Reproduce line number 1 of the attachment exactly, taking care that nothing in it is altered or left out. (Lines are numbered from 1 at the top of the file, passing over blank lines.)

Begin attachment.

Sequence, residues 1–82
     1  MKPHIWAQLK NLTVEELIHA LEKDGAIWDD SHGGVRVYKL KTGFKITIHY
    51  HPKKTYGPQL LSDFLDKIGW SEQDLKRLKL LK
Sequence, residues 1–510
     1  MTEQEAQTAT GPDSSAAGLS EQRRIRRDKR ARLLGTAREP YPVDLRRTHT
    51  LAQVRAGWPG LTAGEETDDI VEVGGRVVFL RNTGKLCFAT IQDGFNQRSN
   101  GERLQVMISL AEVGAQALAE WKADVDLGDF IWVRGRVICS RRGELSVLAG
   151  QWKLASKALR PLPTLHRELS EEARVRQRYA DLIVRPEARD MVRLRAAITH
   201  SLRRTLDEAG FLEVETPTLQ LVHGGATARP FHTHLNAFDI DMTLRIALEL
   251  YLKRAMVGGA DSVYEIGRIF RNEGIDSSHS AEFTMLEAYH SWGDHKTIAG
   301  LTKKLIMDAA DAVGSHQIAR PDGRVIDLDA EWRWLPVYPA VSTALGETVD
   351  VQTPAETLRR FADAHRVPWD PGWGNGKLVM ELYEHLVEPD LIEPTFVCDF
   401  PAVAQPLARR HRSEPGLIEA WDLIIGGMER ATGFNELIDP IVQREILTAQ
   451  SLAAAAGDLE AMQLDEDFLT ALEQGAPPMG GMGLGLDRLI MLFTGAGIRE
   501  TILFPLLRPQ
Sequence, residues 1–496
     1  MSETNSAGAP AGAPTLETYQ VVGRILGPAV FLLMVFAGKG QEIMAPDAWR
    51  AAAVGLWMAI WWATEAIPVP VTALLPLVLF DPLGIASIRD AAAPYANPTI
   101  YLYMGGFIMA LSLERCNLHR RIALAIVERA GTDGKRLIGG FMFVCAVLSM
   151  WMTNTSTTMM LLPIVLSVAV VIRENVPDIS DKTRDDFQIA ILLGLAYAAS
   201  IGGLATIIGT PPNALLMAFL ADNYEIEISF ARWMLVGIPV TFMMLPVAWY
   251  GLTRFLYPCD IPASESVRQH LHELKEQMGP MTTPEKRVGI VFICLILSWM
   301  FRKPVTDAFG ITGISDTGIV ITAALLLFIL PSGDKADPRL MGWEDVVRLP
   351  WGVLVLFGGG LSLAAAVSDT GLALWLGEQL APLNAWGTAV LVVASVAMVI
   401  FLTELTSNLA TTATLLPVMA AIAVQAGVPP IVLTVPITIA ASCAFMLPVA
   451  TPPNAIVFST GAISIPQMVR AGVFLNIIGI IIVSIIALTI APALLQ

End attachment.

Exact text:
Sequence, residues 1–82